People Stealing Stuff From Stores Reaches All-Time High

Image courtesy of Molly

Retailers are spending less on loss prevention, and maybe that’s not such a good idea. In 2016, the rate of “shrinkage,” or inventory that goes missing for any reason, increased to 1.44% of all sales, or a total of almost $48.9 billion.

Where did that stuff go? According to the annual National Retail Security Survey from trade group the National Retail Federation, the largest share of missing merch is taken by shoplifters, ranging from the most petty thieves to organized crime rings that steal in mass quantities and re-sell what they take. Almost 7% of shrinkage just gets a great big “shrug,” since loss prevention professionals don’t know where it goes.

Here’s the breakdown:

Shoplifting/external (includes organized crime) = 36.5%
Employee theft/internal = 30%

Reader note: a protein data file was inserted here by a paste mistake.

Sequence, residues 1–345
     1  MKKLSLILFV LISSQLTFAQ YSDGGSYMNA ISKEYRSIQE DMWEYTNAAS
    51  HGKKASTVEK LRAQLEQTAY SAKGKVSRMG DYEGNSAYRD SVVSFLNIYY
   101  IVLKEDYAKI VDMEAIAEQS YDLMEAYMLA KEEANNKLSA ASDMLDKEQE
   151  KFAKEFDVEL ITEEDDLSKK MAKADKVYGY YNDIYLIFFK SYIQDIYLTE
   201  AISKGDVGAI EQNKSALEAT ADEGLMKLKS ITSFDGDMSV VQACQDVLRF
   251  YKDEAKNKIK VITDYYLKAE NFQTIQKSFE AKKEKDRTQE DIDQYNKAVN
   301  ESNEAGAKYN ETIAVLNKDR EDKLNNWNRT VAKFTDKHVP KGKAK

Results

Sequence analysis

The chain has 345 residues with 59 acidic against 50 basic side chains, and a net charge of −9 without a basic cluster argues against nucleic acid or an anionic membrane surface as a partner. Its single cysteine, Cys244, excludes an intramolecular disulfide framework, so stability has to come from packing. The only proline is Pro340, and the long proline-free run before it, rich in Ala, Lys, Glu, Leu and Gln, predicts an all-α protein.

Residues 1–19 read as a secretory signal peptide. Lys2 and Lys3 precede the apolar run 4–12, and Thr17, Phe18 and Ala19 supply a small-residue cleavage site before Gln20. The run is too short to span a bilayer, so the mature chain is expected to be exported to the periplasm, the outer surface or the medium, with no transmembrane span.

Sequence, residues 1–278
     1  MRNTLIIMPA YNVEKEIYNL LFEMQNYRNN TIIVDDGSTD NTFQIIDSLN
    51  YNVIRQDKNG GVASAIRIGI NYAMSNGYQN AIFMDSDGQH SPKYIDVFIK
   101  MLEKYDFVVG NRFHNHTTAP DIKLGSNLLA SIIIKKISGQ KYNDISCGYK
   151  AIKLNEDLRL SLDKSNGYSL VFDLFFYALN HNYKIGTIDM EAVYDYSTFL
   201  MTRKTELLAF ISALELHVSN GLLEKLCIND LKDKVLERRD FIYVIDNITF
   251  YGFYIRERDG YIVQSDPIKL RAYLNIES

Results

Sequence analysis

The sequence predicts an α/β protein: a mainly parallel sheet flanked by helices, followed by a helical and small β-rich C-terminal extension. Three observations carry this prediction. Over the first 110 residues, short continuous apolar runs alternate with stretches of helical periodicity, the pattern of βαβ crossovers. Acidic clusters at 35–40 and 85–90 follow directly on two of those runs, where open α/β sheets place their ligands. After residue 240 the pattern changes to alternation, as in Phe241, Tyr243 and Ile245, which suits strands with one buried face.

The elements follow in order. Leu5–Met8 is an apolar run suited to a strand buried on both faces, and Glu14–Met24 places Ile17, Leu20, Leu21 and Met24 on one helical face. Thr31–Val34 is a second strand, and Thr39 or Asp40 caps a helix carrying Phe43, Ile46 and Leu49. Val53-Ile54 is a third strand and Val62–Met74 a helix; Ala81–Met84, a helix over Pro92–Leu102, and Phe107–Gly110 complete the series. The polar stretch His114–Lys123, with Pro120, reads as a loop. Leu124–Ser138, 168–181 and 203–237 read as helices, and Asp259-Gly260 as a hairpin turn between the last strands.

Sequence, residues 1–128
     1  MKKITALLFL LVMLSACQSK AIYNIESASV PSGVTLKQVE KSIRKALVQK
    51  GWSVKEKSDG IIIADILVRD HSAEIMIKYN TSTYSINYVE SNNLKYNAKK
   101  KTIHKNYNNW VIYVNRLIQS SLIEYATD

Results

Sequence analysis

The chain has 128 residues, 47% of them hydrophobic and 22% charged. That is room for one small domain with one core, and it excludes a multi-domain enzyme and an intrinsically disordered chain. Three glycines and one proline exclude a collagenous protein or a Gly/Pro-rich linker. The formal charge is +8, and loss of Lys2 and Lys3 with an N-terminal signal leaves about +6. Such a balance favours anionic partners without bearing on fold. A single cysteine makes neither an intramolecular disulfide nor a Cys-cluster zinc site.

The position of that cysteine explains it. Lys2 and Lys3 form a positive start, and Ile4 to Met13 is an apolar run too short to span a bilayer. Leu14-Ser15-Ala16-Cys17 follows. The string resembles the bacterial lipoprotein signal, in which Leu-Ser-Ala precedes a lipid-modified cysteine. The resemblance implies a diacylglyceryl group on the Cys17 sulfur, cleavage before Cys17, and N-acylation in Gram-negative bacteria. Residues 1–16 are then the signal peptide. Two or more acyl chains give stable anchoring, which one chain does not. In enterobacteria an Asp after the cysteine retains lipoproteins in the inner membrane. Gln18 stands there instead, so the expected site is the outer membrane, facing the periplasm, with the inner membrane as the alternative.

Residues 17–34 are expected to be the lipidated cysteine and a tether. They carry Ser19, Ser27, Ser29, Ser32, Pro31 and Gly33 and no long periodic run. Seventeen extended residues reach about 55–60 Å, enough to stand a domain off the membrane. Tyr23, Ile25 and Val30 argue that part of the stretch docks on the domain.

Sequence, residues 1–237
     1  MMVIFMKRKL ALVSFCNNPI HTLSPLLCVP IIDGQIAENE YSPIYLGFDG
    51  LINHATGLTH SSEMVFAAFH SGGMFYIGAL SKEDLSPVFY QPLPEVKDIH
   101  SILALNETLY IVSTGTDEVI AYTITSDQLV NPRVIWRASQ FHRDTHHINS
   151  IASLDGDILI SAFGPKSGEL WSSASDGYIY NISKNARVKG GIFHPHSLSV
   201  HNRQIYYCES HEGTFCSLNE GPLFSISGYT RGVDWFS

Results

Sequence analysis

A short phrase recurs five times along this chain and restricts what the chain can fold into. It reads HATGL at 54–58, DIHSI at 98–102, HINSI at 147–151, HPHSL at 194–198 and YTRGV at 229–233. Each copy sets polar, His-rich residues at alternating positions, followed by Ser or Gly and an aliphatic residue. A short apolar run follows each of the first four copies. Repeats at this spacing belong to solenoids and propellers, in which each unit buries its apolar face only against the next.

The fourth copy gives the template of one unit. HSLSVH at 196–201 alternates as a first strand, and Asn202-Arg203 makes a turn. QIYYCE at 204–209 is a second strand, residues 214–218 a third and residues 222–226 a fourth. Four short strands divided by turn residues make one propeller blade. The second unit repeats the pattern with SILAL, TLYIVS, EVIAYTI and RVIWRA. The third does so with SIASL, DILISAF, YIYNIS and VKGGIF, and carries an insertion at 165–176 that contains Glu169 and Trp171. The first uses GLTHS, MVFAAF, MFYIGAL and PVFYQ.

Administrative and paperwork error = 21.3%
Vendor fraud or error = 5.4%
Unknown loss = 6.8%

This year, the survey also asked about return fraud for the first time, and the loss prevention executives said that the average amount lost to it is $1,766.27. Incidentally, The Retail Equation, the company that keeps a database of shoppers who return purchases excessively by having stores scan customers’ driver’s licenses, sponsored this year’s survey.

The loss prevention executives’ conclusion, predictably, was that stores should spend more on loss prevention.

“Retail executives need to realize that money spent on preventing losses is money that improves the bottom line,” Bob Moraca, Vice President of Loss Prevention at the NRF, said in a statement.

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